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Endogenous technology and tradable emission quotas

  • Golombek, Rolf

    ()

    (The Ragnar Frisch Centre for Economic Research)

  • Hoel, Michael

    ()

    (Dept. of Economics, University of Oslo)

We study an international climate agreement that assigns emission quotas to each participating country. Unlike the simplest models in the literature, we assume that abatement costs are affected by R&D activities undertaken in all firms in all countries, i.e. abatement technologies are endogenous. In line with the Kyoto agreement we assume that the international climate agreement does not include R&D policies. We show that for a secondbest agreement, marginal costs of abatement should exceed the Pigovian level. Moreover, marginal costs of abatement differ across countries in the second-best quota agreement with heterogeneous countries. In other words, the second-best outcome cannot be achieved if emission quotas are tradable.

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File URL: http://www.sv.uio.no/econ/english/research/unpublished-works/working-papers/pdf-files/2006/Memo-03-2006.pdf
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Paper provided by Oslo University, Department of Economics in its series Memorandum with number 03/2006.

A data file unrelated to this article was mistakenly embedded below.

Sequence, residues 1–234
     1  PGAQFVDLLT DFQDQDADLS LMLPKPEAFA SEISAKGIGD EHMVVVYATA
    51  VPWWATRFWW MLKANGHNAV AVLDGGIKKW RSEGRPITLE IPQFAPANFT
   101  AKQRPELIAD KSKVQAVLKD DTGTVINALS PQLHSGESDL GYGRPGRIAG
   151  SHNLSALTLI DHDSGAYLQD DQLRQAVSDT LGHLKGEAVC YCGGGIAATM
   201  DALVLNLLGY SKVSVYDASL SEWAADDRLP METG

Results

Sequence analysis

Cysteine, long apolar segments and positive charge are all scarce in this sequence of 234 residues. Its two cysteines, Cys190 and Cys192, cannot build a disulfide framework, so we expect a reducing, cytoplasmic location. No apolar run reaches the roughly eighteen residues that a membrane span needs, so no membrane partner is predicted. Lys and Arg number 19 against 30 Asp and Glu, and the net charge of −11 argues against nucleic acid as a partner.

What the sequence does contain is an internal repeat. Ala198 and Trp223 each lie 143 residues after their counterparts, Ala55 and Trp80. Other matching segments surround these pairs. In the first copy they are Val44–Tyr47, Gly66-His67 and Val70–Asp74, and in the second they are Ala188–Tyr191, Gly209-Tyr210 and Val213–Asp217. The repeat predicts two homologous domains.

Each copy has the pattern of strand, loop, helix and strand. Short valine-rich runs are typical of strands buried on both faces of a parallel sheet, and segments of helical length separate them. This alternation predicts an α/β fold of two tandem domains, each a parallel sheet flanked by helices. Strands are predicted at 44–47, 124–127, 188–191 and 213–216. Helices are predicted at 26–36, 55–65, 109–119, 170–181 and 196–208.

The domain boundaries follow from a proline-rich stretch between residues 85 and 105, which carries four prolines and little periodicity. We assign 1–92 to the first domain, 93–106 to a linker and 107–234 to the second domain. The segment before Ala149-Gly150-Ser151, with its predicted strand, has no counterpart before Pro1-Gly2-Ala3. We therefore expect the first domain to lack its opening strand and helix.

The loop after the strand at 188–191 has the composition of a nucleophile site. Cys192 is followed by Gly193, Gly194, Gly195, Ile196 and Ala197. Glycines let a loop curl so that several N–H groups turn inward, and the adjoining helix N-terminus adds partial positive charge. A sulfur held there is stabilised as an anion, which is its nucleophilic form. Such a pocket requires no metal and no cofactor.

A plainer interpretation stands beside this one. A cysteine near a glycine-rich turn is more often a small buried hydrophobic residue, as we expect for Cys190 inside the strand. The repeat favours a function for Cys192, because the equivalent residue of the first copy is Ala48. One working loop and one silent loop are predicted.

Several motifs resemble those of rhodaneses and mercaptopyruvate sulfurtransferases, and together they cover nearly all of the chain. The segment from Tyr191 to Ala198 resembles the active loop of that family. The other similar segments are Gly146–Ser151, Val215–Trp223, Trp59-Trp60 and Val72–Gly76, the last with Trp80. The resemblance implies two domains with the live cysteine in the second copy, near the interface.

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Length: 16 pages
Date of creation: 17 Feb 2006
Date of revision:
Handle: RePEc:hhs:osloec:2006_003
Contact details of provider: Postal: Department of Economics, University of Oslo, P.O Box 1095 Blindern, N-0317 Oslo, Norway
Phone: 22 85 51 27
Fax: 22 85 50 35
Web page: http://www.oekonomi.uio.no/indexe.html
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  1. Rosendahl, Knut Einar, 2004. "Cost-effective environmental policy: implications of induced technological change," Journal of Environmental Economics and Management, Elsevier, vol. 48(3), pages 1099-1121, November.
  2. Carlo Carraro & Barbara Buchner, 2006. "Economic and Environmental Effectiveness of a Technology-based Climate Protocol," Working Papers 2006_12, Department of Economics, University of Venice "Ca' Foscari".
  3. Wolfgang Keller, 2000. "Geographic Localization of International Technology Diffusion," NBER Working Papers 7509, National Bureau of Economic Research, Inc.
  4. Michael Hoel & Rolf Golombek, 2004. "Climate Agreements and Technology Policy," Working Papers 2004.90, Fondazione Eni Enrico Mattei.
  5. Spence, Michael, 1984. "Cost Reduction, Competition, and Industry Performance," Econometrica, Econometric Society, vol. 52(1), pages 101-21, January.
  6. Golombek Rolf & Hoel Michael, 2006. "Second-Best Climate Agreements and Technology Policy," The B.E. Journal of Economic Analysis & Policy, De Gruyter, vol. 6(1), pages 1-30, January.
  7. Carlo Carraro & Carmen Marchiori, 2003. "Endogenous Strategic Issue Linkage in International Negotiations," Working Papers 2003.40, Fondazione Eni Enrico Mattei.
  8. Xepapadeas, A., 1995. "Induced technical change and international agreements under greenhouse warming," Resource and Energy Economics, Elsevier, vol. 17(1), pages 1-23, May.
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